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The first quarter of 2017 is barely over but Spanish chef Jose Luis "Chele" Gonzalez is on a roll. The 41-year-old just got married, his modern Spanish restaurant Gallery Vask in Manila came in 35th on the Asia's Best 50 Restaurant list, and he recently concluded a very successful four-hands dinner with chef Julien Royer at Odette.
Not bad for someone who, when he first told his family that he wanted to be a chef, was greeted with disbelief. "They thought I was crazy," Chef Gonzalez, who was born and raised in Torrelavega in the north of Spain recalls. "They discouraged me, because of the long hours in the kitchen and the little pay."
He came from a family of teachers, and his parents insisted that he earn himself a college degree. So the dutiful son took up a marketing and business course at university, but didn't enjoy it. Instead, he found more success running a nightclub, making "lots of money", but he couldn't see himself doing it for life.
The money he made from running the nightclub allowed him to dine at Michelin-starred restaurants, and "my passion in food grew bigger", he says.
He went off to get a culinary degree from Arxanda, Bilbao, before working at some of the world's most respected places such as Restaurant Arzak, the now-defunct elBulli, El Cellar de Can Roca, Nerua-Guggenheim and Mugaritz.
But after spending a decade at these top Spanish restaurants, chef Gonzalez was burnt out, even though he was still passionate about cooking.
As was his habit, he would take three weeks off in a year and head to Asia for his holidays.
Six years ago, however, he decided to take the plunge and stay in Asia.
"I was all alone, starting over, and I was scared," says Chef Gonzalez, who packed two chef jackets, a list of recipes and his CV for this life-changing holiday.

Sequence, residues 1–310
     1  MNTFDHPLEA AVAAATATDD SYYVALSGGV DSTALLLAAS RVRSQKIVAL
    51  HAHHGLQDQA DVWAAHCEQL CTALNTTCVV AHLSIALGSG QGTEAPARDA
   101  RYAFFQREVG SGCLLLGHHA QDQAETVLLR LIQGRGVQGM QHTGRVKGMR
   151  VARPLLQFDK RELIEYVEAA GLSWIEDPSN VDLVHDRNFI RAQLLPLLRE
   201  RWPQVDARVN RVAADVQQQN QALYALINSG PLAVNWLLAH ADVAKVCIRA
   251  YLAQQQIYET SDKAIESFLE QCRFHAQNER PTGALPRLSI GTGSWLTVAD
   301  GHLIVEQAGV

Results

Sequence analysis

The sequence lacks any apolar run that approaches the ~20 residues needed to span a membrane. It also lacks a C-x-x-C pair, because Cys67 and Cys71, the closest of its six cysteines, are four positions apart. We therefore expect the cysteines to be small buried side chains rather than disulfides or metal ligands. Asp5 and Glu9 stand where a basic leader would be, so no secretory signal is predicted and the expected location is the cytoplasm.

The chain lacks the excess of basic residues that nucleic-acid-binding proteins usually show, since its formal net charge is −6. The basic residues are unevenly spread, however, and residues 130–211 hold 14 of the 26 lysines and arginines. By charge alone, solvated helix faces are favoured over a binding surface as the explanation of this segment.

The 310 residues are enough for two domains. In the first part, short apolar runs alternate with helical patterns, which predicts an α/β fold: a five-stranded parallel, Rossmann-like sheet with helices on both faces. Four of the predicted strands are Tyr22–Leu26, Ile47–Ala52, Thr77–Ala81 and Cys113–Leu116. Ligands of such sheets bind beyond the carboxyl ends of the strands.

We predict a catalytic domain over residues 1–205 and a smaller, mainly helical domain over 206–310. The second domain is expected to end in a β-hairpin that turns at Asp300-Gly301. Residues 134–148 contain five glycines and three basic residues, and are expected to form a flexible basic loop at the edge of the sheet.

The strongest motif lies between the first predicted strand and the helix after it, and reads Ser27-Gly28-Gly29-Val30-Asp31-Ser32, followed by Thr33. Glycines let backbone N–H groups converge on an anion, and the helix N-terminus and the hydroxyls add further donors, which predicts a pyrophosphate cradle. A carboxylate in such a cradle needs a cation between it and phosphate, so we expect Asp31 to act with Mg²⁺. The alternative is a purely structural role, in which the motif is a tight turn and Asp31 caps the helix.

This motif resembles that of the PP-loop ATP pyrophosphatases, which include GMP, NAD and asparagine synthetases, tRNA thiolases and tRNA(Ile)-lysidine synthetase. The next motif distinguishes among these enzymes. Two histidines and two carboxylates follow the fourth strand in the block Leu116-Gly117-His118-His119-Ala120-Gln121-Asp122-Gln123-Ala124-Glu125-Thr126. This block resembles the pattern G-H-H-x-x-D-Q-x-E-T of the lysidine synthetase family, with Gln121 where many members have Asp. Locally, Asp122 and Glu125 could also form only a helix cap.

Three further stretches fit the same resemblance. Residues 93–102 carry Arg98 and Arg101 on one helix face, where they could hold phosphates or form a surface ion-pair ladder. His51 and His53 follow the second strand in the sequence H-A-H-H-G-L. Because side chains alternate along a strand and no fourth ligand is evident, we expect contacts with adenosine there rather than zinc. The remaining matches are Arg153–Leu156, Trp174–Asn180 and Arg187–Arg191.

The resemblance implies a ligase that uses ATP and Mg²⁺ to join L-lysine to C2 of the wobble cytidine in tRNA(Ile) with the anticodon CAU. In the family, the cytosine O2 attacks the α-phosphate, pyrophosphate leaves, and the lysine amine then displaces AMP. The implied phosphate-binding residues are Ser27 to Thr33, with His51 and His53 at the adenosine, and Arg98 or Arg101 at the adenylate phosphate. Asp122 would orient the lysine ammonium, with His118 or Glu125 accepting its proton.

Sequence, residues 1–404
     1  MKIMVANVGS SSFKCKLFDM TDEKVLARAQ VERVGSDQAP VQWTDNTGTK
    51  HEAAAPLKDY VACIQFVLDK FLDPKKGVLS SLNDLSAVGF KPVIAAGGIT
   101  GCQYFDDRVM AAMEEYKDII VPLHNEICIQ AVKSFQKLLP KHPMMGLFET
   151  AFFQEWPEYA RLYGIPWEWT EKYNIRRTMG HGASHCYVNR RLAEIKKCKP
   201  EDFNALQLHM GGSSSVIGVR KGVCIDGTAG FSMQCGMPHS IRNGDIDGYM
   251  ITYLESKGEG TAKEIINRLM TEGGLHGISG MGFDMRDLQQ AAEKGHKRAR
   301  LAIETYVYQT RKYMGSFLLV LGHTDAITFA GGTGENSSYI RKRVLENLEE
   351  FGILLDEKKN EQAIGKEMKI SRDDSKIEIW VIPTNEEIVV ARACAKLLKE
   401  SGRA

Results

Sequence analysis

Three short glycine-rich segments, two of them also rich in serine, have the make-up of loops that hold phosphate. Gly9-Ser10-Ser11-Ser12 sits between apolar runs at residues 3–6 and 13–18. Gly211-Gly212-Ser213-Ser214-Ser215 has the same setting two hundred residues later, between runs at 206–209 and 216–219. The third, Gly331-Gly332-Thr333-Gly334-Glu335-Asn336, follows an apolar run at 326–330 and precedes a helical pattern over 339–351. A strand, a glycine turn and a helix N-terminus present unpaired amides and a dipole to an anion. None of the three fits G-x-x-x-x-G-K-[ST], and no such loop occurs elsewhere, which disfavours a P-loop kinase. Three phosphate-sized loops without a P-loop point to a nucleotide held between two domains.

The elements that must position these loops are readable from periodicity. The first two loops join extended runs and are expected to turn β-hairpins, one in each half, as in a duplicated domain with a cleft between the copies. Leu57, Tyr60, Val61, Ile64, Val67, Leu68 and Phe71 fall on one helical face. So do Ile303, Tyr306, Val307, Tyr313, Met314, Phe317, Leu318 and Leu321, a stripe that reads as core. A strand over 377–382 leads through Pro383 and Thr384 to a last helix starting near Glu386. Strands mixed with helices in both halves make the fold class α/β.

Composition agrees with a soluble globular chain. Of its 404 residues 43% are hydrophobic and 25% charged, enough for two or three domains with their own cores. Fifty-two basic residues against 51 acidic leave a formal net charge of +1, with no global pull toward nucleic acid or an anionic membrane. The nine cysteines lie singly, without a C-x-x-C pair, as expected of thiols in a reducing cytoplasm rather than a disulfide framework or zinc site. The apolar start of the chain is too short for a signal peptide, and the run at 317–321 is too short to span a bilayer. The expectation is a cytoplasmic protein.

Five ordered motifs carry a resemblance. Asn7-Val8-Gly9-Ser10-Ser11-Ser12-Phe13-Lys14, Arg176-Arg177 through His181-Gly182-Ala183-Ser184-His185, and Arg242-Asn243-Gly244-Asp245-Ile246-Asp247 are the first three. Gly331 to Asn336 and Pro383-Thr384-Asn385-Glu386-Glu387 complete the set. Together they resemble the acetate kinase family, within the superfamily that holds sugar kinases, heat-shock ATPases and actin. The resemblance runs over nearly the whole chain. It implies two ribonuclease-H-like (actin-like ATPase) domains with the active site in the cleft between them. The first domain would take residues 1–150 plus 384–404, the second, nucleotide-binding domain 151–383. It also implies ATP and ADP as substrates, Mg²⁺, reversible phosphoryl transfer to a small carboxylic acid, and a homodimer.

He found work at the Sofitel in the Philippines, but that was short-lived when a typhoon wrecked the hotel and its restaurants. He later worked at another hotel, but soon realised that catering to 500 guests at each service, was not for him.
His next break came when Filipino architect and artist Juan Carlo Calma approached him to start a new project that would combine fine dining and art - similar to what Nerua was to the Guggenheim, except that this time, the restaurant would be within an art gallery.
Tapas is served in the Vask Dining Room, while Gallery Vask is for fine dining. The restaurant has proven to be a hit since it opened four years ago. Among its accolades include a Restaurant of the Year award from Esquire magazine in 2013. Last year, it was ranked 39th in the Asia's Best 50 Restaurants list and society magazine Philippine Tatler named it one of its top 20 best restaurants.
"Getting awards is more of a recognition of the hard work that my team puts in, rather than for me," he says.
The cuisine at the 20-seater Gallery Vask, is a showcase of chef Gonzalez's techniques, his knowledge of Filipino ingredients and its culture.